He married Rebecca Slate from nearby Bernardston in April 1834, dutifully noted in his daybook as: "Was married to Rebecca paid expences &c. 5.50 Paid to Rebecca .50", between "plumb trees blown" and "Paid for 65 feet underpining stone 5.25" (all Dexter's original spellings). He built a simple two-story house on Clay Hill, now called Bank Row, in the heart of town. He noted in his logbook on May 15, 1834: “Raised house, the wether very cold, some snow & the mortices frose up with ice”. In August, Dexter and Rebecca moved in. Ever thrifty and keeping an eye on income, they rented out rooms to boarders for periods ranging from a few days to several weeks.
By November of the year of his marriage, he was buying “medicenes” and paying for unspecified medical services. Such unexplained notes appear sporadically in his logbooks, mentioning "Doc Dean" (his associate in fossil discoveries, who lived just around the corner) and several other doctors around town. Some of these dealings with doctors had to do with the births of their children, daughter Arabella on December 3, 1835, and son Frank on December 29, 1837, but it seems also that there was illness in the home. Since Dexter's logs show an unbroken record of work, it is likely that Rebecca was sickly. Sadly, she died on May 15, 1838, at age 27, leaving Dexter with a six-month-old infant and a toddler aged two and a half.
Until April 2016, Dexter’s logbooks for 1837-1839 were missing. Some researchers assumed that he was too preoccupied with taking care of his sick wife, and then mourning her, to keep records, but that notion was disproved when the book suddenly appeared at auction on E-Bay and was purchased by Pocumtuck Valley Memorial Association's library and archive. How it became separated from the other 12 volumes is a question that probably will never be answered. However, it reveals that Dexter’s habits remained unbroken throughout this period: he continued to work, buy quantities of milk, flour, molasses, and potatoes, buy clothing for the children, and in general pay for the business of living. He gave perfunctory notice that “Rebecca died” in the margin on one page and entered the funeral expenses on the next, but before, between, and after these notes, the minimalist record of his life went on as usual. There is no reason to think this was for lack of feeling. He could not afford to stop working and in any case regarded his logbooks as a place primarily used for financial records. He paid Dr. Deane more than $36 after Rebecca's death, nearly $1,000 in today's terms.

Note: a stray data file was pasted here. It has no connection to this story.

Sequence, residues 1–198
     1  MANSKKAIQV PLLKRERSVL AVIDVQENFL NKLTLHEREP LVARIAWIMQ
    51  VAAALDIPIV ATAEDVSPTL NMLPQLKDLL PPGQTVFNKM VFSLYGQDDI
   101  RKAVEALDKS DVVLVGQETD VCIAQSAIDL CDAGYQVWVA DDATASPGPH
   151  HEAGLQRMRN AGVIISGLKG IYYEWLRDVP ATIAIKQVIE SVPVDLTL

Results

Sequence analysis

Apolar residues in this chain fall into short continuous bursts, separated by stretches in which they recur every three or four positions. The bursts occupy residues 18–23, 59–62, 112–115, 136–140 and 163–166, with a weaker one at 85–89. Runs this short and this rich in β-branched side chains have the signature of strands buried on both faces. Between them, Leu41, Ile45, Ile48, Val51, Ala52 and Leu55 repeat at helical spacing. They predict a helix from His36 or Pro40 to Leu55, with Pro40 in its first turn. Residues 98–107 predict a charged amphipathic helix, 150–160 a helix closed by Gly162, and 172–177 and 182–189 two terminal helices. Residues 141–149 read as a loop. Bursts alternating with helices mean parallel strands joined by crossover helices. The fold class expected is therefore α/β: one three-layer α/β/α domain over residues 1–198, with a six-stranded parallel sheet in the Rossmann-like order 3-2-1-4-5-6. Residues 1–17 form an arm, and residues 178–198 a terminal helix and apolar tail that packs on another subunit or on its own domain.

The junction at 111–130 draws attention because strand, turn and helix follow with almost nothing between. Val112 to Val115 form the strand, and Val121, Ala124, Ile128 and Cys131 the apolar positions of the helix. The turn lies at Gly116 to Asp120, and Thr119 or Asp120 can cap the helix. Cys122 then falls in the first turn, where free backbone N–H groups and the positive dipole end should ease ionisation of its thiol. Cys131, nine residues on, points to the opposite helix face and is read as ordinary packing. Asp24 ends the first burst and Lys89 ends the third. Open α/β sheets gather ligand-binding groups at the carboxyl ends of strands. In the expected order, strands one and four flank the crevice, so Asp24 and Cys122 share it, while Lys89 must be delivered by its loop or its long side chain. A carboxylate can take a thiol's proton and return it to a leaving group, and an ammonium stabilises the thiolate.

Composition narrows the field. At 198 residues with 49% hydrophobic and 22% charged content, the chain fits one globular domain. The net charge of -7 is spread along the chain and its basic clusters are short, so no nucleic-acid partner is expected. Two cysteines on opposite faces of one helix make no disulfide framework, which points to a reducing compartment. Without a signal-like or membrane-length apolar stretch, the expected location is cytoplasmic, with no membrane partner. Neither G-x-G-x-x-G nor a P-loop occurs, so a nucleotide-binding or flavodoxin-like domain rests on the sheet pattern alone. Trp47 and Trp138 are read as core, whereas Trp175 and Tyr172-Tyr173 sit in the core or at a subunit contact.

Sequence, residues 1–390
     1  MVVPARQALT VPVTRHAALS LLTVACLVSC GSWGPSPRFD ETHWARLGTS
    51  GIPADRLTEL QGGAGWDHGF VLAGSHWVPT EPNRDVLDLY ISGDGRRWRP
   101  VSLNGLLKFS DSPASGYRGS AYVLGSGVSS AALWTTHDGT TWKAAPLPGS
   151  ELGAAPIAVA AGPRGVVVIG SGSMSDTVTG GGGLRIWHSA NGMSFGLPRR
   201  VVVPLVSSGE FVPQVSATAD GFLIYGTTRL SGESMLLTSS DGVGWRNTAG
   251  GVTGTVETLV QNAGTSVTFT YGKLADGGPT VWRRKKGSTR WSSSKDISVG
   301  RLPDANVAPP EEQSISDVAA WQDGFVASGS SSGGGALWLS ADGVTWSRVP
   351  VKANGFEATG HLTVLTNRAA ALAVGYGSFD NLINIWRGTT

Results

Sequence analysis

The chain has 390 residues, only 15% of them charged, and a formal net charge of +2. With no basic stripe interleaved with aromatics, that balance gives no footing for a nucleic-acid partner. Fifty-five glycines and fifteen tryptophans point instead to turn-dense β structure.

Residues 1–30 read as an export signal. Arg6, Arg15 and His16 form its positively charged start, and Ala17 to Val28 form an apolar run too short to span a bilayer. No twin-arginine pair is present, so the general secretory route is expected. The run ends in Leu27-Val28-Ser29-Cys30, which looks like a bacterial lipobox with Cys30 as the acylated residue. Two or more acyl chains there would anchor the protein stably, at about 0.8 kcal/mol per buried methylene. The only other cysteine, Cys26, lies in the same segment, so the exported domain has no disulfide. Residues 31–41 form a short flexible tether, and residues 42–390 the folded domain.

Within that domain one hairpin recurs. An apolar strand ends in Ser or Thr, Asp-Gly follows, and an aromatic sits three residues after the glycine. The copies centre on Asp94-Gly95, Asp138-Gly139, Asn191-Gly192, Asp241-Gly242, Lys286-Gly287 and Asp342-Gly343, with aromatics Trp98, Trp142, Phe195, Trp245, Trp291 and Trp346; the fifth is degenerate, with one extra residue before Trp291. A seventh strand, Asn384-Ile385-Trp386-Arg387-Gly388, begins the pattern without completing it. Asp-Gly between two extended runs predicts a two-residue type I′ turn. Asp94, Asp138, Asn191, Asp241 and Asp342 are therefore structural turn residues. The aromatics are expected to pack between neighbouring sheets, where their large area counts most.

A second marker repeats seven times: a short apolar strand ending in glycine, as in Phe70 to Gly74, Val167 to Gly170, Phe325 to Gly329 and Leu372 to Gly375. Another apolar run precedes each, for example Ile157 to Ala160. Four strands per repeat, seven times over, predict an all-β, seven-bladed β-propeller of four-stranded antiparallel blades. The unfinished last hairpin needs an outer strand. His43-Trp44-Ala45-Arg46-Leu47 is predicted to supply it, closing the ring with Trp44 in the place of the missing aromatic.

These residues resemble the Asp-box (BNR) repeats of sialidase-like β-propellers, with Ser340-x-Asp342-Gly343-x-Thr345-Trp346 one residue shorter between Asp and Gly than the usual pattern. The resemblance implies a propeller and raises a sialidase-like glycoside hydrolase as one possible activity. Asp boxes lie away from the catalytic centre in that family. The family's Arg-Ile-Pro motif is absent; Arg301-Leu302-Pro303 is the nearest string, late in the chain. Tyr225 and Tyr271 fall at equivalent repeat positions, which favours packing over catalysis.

A year and a half later, he married Eunice Moselle Everett from just over the border in Halifax, Vermont. Dexter and Eunice had three children together: George Everett (December 4, 1840), Ella May (May 21, 1849), and Emogene Dexter (January 16, 1853), the youngest born barely more than two months before her father’s death. There is little record of Frank, Ella, and Emogene, but traces of Arabella and George have surfaced. Arabella was described as “Auntie Belle” in a deposition given to the Historical Society of Greenfield years after the Civil War. George attended Harvard University and became a mining engineer in Georgetown, Colorado, where he owned interests in silver mines and was a pillar of the community. The Harvard University archives have a set of his notes from geology lectures by Louis Agassiz, whom Dexter admired. George's son, also named George, graduated from the Massachusetts Institute of Technology in 1901 (geology) and the Armour Institute of Technology in 1909 (electrical engineering). Although the meager record makes Dexter appear unexpressive, he surely would have burst with pride, could he have known.